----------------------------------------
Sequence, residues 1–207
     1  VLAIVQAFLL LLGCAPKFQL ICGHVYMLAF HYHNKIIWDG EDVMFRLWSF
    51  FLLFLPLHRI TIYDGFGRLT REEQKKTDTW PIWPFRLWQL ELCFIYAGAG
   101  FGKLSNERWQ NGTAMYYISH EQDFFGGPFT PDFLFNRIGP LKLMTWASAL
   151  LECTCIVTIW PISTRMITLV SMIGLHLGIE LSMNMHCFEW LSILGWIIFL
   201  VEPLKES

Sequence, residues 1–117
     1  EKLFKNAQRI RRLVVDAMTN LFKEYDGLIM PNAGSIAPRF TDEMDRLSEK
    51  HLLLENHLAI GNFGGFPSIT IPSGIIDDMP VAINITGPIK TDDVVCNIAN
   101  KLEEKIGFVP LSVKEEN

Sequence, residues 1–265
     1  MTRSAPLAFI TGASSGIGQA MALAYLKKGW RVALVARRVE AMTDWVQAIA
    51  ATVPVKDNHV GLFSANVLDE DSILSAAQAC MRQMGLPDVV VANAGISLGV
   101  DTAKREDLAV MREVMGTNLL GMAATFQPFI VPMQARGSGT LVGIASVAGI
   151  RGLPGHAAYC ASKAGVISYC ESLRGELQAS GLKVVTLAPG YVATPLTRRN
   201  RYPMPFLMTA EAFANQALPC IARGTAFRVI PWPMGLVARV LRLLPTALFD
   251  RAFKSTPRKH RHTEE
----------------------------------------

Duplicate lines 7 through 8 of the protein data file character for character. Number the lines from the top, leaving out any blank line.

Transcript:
Sequence, residues 1–117
     1  EKLFKNAQRI RRLVVDAMTN LFKEYDGLIM PNAGSIAPRF TDEMDRLSEK